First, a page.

- Number of innings – (Note that British baseball uses the cricket terminology of "innings" as both singular and plural, while baseball uses "inning" for the singular.) In British baseball, each team has two innings. An innings ends when all 11 players are either dismissed or stranded on base. A regulation game of North American baseball consists of nine innings, and each team's half of an inning ends when three outs (dismissals) are recorded.
- Posts/Bases – Where North American baseball has bases the British version has 'posts' (sometimes referred to as bases). These are designated by poles rather than bags.
- Bat – the bat has a flat striking surface, where in North American baseball it is entirely round.
- Scoring system – In British baseball a player scores a run for every base he/she reaches after hitting the ball. He or she will not subsequently score when moving around the bases on another player's hit. The equivalent of a home run scores four runs. As in cricket a bonus run can be awarded for excessively-wide deliveries. In North American baseball, a player scores a run only on a successful circuit of all four bases, whether on his own or another player's hit, or by other means such as a walk or stolen base.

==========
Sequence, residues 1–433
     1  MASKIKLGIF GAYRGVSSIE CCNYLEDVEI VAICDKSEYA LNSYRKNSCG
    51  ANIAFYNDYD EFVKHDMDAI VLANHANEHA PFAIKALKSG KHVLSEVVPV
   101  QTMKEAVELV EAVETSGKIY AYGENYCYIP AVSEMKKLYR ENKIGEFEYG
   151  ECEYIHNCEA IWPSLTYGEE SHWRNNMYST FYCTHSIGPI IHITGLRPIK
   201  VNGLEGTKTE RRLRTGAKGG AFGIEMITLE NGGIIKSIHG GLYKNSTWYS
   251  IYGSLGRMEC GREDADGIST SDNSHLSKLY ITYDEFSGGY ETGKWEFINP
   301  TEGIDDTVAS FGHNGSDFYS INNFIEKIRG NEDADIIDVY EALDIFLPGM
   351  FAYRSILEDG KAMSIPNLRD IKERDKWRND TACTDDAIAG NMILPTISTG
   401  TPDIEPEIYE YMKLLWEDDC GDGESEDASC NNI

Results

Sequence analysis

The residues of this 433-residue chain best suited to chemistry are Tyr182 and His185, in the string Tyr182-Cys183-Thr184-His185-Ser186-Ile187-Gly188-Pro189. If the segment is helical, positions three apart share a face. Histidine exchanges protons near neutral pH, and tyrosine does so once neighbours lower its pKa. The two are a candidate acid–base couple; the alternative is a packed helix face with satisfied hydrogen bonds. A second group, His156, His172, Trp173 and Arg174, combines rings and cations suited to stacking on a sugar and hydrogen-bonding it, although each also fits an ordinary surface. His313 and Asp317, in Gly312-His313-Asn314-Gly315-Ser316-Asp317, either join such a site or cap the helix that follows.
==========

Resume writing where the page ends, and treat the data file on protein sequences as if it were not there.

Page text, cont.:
- Uniform – Players wear colourful jerseys and shorts with Welsh teams often wearing rugby kits and English teams wearing soccer uniforms.
- Field of play – The British game has no foul area, a ball can be legally hit (and scored off of) in any direction, where in North American baseball it has to be hit in the zone bounded by the lines to first base and third base.
Despite these similarities with cricket, the game is much more like North American baseball in style and operates on a near identical, but smaller, diamond. There are also many similarities to rounders, which is often considered a transitional game between cricket and baseball. The basic concepts of British baseball cross-blend the basic concepts of cricket and the more standard versions of rounders.